I wasn't entirely sure that I wanted to read Out of My Mind by Sharon Draper (Simon & Schuster - Atheneum). Without being too specific, I had certain personal preconceptions about the book and what it might be about, and I wasn't interested in some fiction along that vein.
That said, I ended up enjoying Out of My Mind despite myself, and despite several points where I thought the book would go off the rails. Eleven-year-old Melody has cerebral palsy, and her ability to move and to communicate with her family is very limited, but at the same time, she's a very smart girl--and that was my first eyebrow-raise. Of course, we should never assume that a physical disability equals--or comes with--an intellectual one. I have had experience (not always directly) with the extremes, though: the almost-magical discovery that there is a brilliant mind at work with little physical sign of it, and the despair of hoping that someone's still in there. So, I was worried that this was going to be fiction of that super-idealized sort, where it's just--I don't know, not realistic.
What did become realistic for me was Melody's struggle for not just inclusion, but inclusion once she goes to school. She not only has to contend with the petty power struggles and bullying that come with growing up--the ones I think happen no matter how hard we try to encourage children to refrain--but with not fitting in in other ways related to her CP. And then there's the horror that even though Melody is vital to the school's trivia team, they don't see it that way.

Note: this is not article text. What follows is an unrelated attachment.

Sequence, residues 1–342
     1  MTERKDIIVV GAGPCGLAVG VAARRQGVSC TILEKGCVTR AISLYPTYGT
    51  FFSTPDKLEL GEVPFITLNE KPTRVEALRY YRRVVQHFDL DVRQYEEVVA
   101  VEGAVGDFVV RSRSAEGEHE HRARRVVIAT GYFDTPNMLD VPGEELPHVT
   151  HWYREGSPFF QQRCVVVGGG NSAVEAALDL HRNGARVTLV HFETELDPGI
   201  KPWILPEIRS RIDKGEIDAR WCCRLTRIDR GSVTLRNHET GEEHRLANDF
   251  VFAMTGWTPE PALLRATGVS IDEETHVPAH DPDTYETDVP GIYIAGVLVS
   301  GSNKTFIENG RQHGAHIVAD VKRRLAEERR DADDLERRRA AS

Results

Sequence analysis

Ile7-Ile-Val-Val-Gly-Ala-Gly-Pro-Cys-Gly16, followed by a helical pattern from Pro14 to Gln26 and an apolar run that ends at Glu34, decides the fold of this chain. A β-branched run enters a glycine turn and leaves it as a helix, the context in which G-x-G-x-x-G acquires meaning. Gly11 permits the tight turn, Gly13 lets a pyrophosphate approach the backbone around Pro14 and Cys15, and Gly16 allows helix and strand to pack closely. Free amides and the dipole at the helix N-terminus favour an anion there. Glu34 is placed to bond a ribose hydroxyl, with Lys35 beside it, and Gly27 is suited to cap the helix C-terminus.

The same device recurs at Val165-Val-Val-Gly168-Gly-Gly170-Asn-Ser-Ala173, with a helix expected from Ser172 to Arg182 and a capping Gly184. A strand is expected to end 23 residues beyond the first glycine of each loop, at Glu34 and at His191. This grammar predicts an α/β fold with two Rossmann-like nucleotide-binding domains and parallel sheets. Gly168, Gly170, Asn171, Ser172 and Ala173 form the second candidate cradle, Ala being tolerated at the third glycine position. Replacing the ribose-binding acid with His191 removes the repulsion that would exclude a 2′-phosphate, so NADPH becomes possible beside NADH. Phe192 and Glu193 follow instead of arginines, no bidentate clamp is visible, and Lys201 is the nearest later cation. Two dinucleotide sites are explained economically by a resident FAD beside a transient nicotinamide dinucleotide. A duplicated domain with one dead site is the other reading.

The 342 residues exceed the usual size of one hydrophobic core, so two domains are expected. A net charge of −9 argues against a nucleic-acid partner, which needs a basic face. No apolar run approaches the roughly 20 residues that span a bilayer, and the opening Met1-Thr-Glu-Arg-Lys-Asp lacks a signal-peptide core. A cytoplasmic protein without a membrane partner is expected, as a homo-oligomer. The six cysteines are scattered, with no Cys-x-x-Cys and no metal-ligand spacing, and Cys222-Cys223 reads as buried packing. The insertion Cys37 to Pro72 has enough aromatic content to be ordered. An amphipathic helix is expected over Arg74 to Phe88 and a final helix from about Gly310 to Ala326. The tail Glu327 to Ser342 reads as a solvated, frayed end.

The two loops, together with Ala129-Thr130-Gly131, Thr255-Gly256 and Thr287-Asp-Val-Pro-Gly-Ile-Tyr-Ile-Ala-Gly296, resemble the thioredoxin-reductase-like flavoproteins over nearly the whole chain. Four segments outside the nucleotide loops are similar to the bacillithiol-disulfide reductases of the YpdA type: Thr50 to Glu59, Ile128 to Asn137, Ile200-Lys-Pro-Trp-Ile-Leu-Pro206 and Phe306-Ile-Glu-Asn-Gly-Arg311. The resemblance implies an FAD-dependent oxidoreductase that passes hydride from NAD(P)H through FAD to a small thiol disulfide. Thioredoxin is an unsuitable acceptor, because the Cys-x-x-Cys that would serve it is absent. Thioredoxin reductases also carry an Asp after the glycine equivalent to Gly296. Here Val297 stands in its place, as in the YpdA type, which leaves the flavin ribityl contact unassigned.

Disability advocates will notice a few instances where person-centric language isn't used; I think that the differences make sense in context. One man says that his son is in a wheelchair, where person-centric language would have him say that his son is a wheelchair user, I think; the more important factor, for me, was that he acted to remove an access barrier for Melody without it being a big deal. Also, of course, people with disabilities are not all in agreement about a lot of things, including language use. Those with some knowledge of "the system" may get a little frustrated, too, with the slow pace of access to services like a communication device for Melody and her oddly-planned access to classes in school. I don't recall an IEP meeting for Melody, but it's been a long time since I read this, now (I've had a draft open for months), and it may have happened off-screen.
A fair warning is that Out of My Mind doesn't have the sort of ending where our heroine gets everything she wants, and that feels especially unfair because she starts at such a disadvantage. Yet, I still think this makes for a good middle-grade read, because middle-grade readers are--due to age, etc.--in a state of restriction, and even if their situations are different, I think they'll identify with Melody's desire to be heard and to have more agency. And Melody is a really fantastic character with an outstanding voice. I'd want her on my team.